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The major selling point of Hear Again for a college student? The prices. Schaer works hard to keep prices low and knows that people want to get the best deal around. When people have smart phones that can pull prices from all over the Internet while they are contemplating their purchase, Schaer knows that he must be competitive.

The difference in buying online and in store, Schaer argues, is the instant gratification you get from purchasing and taking the record home that day. With a quick trip to Hear Again, you can invite your friends over and have a listening party the day you make the purchase, all while saving on shipping.

Hear Again Music and Movies takes requests for music that costumers would like to have in store, and they post updates of their stock as it comes in via their Facebook and Instagram pages. Now, finding your favorite album has never been easier.

“We work really hard to give Gainesville something we think it deserves: a reasonably priced place to come and find music,” Schaer said.

 

 

 

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5 Pop-Punk Albums to Kick Start Your Obsession

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1. The Wonder Year / Suburbia, I’ve Given You All But Now I’m Nothing 

If one album truly formed my love and appreciation for pop-punk music, it was Suburbia. This album changed how I felt about pop-punk as whole. Let’s be honest: the angst is real as with any pop-punk album, but The Wonder Years do angst so right.

The album starts out with the kicker track, Came Out Swinging, which launches you into the feel of the album. The screams the come from singer Dan Campbell’s throat are filled with passion and sorrow. The lyrics, though, are beautifully crafted and feel like home after just a few listens.

The 2011 release launched The Wonder Years onto the forefront of the scene and is sure to start your obsession.

Let’s be clear: The Wonder Years have created masterful albums since the release of Suburbia, but nothing hits home like this album and nothing says pop-punk quite like The Wonder Years.

Check out: Don’t Let Me Cave In

 

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2. The Story So Far / Self Titled

While The Story So Far is commonly known for their older hits, I recommend that you check out their newest released, their self titled album. The Story So Far is a bold, untamed album. The album defies all traditional pop-punk logic while keeping the familiar deep, blasting riffs that come from TSSF.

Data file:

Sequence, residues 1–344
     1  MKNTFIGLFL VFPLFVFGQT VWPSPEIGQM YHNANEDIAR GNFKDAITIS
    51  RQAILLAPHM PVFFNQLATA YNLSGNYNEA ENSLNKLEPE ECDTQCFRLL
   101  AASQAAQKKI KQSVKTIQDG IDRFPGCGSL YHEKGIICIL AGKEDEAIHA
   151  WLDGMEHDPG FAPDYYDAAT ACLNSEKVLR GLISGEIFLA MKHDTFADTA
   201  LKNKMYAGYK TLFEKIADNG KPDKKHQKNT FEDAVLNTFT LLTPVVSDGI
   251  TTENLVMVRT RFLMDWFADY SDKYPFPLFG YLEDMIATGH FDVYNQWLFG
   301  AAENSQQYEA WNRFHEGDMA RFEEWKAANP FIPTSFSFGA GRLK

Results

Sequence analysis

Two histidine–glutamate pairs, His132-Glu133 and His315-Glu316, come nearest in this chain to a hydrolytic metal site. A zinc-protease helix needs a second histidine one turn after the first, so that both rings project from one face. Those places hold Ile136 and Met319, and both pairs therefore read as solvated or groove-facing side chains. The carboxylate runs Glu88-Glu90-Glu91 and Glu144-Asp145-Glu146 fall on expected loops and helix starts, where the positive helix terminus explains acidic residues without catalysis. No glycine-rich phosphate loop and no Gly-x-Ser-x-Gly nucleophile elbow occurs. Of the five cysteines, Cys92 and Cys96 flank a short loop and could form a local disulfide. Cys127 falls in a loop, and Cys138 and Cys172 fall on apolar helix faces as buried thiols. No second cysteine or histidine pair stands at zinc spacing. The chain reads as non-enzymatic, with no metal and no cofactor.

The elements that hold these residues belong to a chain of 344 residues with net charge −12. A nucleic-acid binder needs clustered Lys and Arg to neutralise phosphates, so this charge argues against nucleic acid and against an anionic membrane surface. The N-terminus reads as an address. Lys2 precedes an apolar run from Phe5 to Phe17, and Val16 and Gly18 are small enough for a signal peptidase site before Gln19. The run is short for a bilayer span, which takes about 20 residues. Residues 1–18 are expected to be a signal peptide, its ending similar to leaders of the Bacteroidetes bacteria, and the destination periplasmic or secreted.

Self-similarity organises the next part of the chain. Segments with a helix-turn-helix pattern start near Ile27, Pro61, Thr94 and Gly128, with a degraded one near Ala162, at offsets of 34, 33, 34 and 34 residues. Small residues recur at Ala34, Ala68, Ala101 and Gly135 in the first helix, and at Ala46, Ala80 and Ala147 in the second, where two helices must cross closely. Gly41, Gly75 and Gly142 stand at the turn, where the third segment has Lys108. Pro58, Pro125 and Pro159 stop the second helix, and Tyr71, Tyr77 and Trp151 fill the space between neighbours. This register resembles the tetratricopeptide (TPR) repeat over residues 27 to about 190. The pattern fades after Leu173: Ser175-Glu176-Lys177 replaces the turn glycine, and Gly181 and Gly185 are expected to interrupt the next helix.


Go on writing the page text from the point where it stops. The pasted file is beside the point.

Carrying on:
In comparison with their previous albums, TSSF does something different and more tasteful here. Instead plugging bits that are clearly made for a live crowd to chant along to (which is a very typical pop-punk move), the band created music that is just simply good. The upbeat, thrashing songs are at the band’s best while the slow, hauntingly beautiful sound of Phantom breaths new life for this band.

This album shows the diversity of TSSF and pop-punk in general and is an album that displays the strengths of TSSF as a band and the strengths of pop-punk in general.

Check out: How You Are

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3. Knuckle Puck / Copacetic

Knuckle Puck came onto the scene fairly quickly and captured the attention of audiences alike as they toured the country. With their recent release, Copacetic, the band polished their sound and officially launched themselves dominant figures in the pop-punk scene.

The album is pop-punk to the core, but it fulfills a different taste that Knuckle Puck satisfies that not many bands hit. The lyrics are powerful and hit beyond the typical shouts of pop-punk music.

If you get the chance, see Knuckle Puck live. They know how to put on a show that captivates the entire audience.

The band will be in Orlando on November 8th and Jacksonville on November 11th.

Check Out: Disdain

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4. Neck Deep/ Life’s Not Out to Get You

Neck Deep’s 2015 release marked a new era for the band. Many claimed Life’s Not Out to Get You was the pop-punk album of the year upon its release.

Neck Deep, a traditional pop-punk band, opened up new ideas on this album. Don’t get me wrong, Life’s Not Out to Get You is Neck Deep to the core. The album feels like the next best step for the band. I cannot wait to see where the band progresses after the success of this album.

If you’re just launching into the pop-punk scene, Neck Deep is the band to know. Their success is only rising with the release of this album. The style of Life’s Not Out… offers traditional pop-punk: catchy hooks, loud riffs and chants coupled with deep screams. The difference that this album offers, though, is the diversity of each track.

Check Out: December

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5. Modern Baseball/ You’re Gonna Miss It All

Modern Baseball is arguably not all that pop-punk. Yet, they couple fast chord progressions with cheeky lyrics so in technicality, they fit they bill.

If you’re more interested in Indie music, you will enjoy Modern Baseball. If you enjoy punk, you will enjoy Modern Baseball. If you enjoy music, you will enjoy Modern Baseball.

It’s that simple. This band changed the game for pop-punk bands. They mix their self-deprecating lyrics with fast, troubling sounds that allow any fan of music to relate to. As sing-alongs go, Modern Baseball has perfected them. Their lyrics entice an entire crowd to dance around and scream their lyrics at the top of their lungs.

You’re Gonna Miss It All is Modern Baseball’s most recognized album and for good reason. This album defined their sound and their live show.

Check Out: Notes